Green Harbors Project (GHP)

UMass Boston faculty
Biomimicry Fellow
Phone: (617) 287-4415
Fax: (617) 287-7474

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Green Harbors Project

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The Green Harbors Project (GHP)

The Green Harbors Project (GHP) is the core of my multidisciplinary research. My premise is that the environment sets the limits for sustainable development.

The GBH methodology is derived from a 1500 year old Native Hawaiian Ahupua’a approach. This approach defines sustainable relationships among land, water and humans from the tops of islands to the coral reefs and open ocean. The main connection - as well as impediment - among the different self-sustaining units in this approach was both the quality and quantity of the water.  Land stewardship practices were established to ensure that water used for agricultural purposes higher on the mountains was either unharmed or enhanced for downstream uses.

(Apuhua'a figure from

AhupuaGBH Ahupua

GHP seeks a similar interconnection between the City of Boston and Boston Harbor. Based on the Ahupua’a approach, the GHP initially envisioned five potential layers or units for a multidisciplinary project. This was narrowed to the three layers for the initial years of the project:

  1. The City’s and Harbor’s main watersheds – Neponset, Charles, Mystic;  the project focus here is on green roofs and other pervious surfaces to restore the watersheds self-sustainability
  2. Coastal intertidal areas – a) including the Harbor walk (potential sites for restoring native species of shellfish, e.g. oysters, mussels); b)salt marsh restoration sites; and c) tidal mud flats with soft shell clam restoration sites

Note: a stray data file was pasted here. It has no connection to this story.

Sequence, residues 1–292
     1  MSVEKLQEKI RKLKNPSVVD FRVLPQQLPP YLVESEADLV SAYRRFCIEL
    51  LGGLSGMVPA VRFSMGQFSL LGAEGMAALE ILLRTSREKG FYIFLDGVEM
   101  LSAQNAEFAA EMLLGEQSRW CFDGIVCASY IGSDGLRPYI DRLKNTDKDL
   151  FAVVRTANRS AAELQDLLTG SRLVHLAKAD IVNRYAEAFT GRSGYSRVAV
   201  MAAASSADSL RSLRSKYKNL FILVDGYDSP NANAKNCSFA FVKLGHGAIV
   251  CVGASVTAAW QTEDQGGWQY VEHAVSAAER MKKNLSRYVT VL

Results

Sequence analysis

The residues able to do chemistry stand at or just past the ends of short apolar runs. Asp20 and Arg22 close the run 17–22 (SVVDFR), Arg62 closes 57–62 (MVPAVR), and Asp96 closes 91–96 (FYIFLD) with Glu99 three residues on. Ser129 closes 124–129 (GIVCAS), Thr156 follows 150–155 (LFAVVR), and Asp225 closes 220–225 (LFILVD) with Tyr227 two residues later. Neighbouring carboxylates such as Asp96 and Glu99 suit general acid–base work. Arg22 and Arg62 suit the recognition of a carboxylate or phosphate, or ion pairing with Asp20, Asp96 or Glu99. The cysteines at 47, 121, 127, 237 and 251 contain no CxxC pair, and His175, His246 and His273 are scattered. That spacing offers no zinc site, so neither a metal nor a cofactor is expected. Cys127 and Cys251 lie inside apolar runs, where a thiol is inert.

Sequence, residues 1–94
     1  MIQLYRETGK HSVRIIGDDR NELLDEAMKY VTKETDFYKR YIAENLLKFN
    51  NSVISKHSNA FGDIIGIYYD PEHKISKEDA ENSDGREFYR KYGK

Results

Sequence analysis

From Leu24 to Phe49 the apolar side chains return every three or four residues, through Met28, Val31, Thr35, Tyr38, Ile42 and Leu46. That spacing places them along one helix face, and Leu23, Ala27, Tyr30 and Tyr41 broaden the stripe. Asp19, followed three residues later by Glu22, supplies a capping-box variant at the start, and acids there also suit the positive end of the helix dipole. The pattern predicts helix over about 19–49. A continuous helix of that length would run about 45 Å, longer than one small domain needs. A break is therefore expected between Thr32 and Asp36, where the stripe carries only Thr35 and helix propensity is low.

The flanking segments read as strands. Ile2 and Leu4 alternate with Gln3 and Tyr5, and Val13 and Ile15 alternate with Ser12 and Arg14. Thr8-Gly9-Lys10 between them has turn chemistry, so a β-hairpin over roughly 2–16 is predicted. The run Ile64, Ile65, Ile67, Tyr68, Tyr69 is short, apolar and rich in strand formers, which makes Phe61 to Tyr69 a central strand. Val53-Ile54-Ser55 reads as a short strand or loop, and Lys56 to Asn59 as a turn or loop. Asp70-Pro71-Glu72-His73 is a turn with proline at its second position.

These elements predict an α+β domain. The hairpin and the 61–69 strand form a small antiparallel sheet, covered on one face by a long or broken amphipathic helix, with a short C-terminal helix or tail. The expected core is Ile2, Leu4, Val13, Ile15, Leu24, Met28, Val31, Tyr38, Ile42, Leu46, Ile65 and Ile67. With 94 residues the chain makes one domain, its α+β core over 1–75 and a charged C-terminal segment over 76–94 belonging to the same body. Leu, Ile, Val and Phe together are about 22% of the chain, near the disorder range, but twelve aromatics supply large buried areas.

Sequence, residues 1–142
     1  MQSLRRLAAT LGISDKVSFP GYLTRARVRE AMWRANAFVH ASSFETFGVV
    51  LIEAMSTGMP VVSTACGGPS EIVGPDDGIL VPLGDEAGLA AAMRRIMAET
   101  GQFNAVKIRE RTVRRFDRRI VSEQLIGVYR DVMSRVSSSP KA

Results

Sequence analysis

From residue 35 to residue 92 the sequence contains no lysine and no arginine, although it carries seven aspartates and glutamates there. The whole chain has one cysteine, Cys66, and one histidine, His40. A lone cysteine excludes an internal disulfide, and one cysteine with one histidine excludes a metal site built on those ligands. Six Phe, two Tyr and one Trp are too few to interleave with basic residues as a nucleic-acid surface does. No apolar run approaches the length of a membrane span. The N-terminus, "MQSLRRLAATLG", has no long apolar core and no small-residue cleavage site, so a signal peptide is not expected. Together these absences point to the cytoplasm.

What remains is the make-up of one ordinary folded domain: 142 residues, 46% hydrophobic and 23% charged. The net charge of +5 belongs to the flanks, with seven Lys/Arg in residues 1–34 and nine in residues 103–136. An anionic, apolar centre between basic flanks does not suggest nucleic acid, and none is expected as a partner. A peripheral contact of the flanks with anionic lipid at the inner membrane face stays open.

3. Eelgrass beds and their restoration in Boston Harbor

Graduate student work related to GHP includes:

Selected Publications

Frankić, A., L. *Greber, and M. Farnsworth. 2011. Teaching and learning with nature by using biomimicry approach to restore three keystone habitats: salt marsh, eelgrass and shellfish beds. In Proceedings of the First Annual Biomimicry in Higher Education Webinar. Biomimicry Institute. (PDF).

Frankić, A. and L. *Greber .2011. A Holistic Science Approach to Living within Coastal Ecosystems in Boston Harbor and Beyond. The International Journal of Environmental, Cultural, Economic, and Social Sustainability (In press).

Frankić, A. *A. Alao, *T. Brown, *L. Greber, *J, Haskins, and *C. McIntyre. 2010. April is 'the month when the eelgrass seed is mature:' A holistic approach to sustaining eelgrass (Zostera marina). Encyclopedia of Earth. URL: to be assigned

*Greber, L., A. Frankić, and J. Muller. 2011. NERRs (National Estuarine Research Reserves) as Common Grounds: Towards a holistic science approach to research, education, and outreach with religious communities to enhance climate and eco-literacy at Waquoit Bay, Cape Cod MA, USA. (Journal of Integrative Environmental Sciences, in press)

*Vella, P., R.E. Bowen, A. Frankić. 2008. “An Evolving Protocol to Identify Key Stakeholder Influenced Indicators of Coastal Change: The Case of Marine Protected Areas”, ICES Journal of Marine Science, 66: 203-213

*Peharda, M., I. Župan, L. Bavčević, A. Frankić and T. Klanjšček. 2007. Growth and condition index of mussel Mytilus galloprovincialis in experimental integrated aquaculture. Aquaculture Research. 38: 1714-1720

Bowen, B, A. Frankić, and M. Davis. 2006. Human development and resources use in the coastal zone: influences on human health. Oceanography, Vol.19, No.2:62-71

Frankić, A. 2005. "A Protected Environment in the Adriatic Area: A Key for Sustainable Economic Development"; Chapter 3, pp 96-102, In: Global Marketing Briefings: Doing Business with Croatia. GMB Publishing Limited, 392p. ISBN-13: 9781905050031